Loyola celebrates Persian New Year


This haft-sin table, belonging to a family friend of Naasha Dotiwala, political science senior and managing editor of The Maroon, includes traditional items like fruits. Many Iranians celebrate Nowruz by laying such tables. Photo credit: Naasha Dotiwala

Colleen Dulle

This week, 190 million people around the world celebrated Nowruz — literally, “New Day,” — the traditional Persian New Year.

Behrooz Moazami, the Patrick G. O’Keefe Distinguished Professor of History at Loyola, is Iranian and celebrates Nowruz every year.

“Like many other Iranians, I celebrate Nowruz wishing a new spring full of hope, prosperity, health, peace and love,” Moazami said.

Nowruz celebrates the beginning of spring and takes place on the spring equinox — this year, from sunset March 20 to sunset March 21.

Moazami said that he celebrates the holiday by laying a traditional decorative table, called a “sofreh haft-sin.” “Haft-sin” literally means “seven S” and denotes the seven usual items that lay on the table: sabzeh (wheat, barley or lentil sprouts growing in a dish), samanu (a sweet pudding made from wheat germ), senjed (the dried fruit of the oleaster tree), sir (garlic), sib (apples), somaq (sumac berries) and serkeh (vinegar).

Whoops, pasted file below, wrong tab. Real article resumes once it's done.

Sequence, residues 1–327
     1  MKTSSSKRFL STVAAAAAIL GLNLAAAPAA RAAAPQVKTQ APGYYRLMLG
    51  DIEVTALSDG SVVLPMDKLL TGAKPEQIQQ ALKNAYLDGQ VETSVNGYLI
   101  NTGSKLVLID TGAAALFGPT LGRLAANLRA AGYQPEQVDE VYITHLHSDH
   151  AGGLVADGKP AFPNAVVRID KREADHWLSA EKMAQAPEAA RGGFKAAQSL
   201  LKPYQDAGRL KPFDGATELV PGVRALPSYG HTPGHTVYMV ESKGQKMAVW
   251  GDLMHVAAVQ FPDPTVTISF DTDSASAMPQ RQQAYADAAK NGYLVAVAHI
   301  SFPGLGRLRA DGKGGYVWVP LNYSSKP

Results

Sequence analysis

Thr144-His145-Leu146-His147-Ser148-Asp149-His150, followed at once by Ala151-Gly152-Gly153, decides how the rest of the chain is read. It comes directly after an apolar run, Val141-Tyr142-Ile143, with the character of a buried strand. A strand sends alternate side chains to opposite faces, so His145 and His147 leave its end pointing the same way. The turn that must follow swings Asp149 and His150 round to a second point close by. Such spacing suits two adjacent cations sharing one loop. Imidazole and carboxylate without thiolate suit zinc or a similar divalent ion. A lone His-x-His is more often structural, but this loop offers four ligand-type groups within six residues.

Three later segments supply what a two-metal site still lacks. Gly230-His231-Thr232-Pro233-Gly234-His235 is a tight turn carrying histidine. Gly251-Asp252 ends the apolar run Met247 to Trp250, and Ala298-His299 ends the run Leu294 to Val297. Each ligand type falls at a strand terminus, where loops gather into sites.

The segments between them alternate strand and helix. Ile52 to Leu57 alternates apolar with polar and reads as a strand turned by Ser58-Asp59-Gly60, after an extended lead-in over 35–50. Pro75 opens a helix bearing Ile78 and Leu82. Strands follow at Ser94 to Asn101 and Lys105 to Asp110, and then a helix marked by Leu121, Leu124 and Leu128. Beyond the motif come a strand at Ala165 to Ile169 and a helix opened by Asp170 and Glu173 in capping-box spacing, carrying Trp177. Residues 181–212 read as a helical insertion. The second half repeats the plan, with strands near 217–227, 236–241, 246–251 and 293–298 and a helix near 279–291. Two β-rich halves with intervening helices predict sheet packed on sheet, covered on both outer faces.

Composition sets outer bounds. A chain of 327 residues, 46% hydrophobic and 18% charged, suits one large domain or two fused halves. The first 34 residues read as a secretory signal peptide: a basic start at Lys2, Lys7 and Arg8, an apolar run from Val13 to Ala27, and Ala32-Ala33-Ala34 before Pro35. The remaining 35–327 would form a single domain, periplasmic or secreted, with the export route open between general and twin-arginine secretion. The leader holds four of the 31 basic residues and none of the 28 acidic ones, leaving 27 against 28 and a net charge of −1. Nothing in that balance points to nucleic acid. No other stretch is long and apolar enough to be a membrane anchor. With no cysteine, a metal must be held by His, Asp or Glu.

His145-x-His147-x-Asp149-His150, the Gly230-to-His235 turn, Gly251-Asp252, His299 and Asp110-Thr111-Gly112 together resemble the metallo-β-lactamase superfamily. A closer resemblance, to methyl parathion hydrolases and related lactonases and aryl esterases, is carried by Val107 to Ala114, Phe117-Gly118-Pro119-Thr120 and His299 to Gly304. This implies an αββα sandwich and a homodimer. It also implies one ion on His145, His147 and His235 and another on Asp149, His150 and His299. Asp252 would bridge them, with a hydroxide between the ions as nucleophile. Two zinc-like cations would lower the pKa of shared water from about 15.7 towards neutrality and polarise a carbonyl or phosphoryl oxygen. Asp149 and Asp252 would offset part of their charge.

After the table is finished, Moazami said, people will sit in front of it wearing new clothes, a symbol of purification. The table stays up all year long, and though it’s an ancient tradition, “haft-sin” tables are a popular item to post on Instagram.

Nowruz is widely celebrated as a secular holiday, though it has roots in Zoroastrianism, one of the world’s oldest religions, which began in Iran approximately 3,500 years ago.

The holiday’s secular and religious celebrations are indistinguishable, according to Naasha Dotiwala, political science senior and a managing editor at The Maroon. Dotiwala is Zoroastrian and celebrates Nowruz as a religious holiday.

She said the holiday is often celebrated with sweets and dancing, along with the “haft-sin” table.

Moazami explained why he believes Nowruz has stood the test of time.

“If there is one lesson that continuation of Nowruz for more than 3,000 years in [the] very eventful history of Iran can give us, is that rejuvenation of life and wish of well-being of all can overcome all obstacles. After all, Nowruz is when the sun begins to regain strength and overcome winter’s cold and darkness,” Moazami said.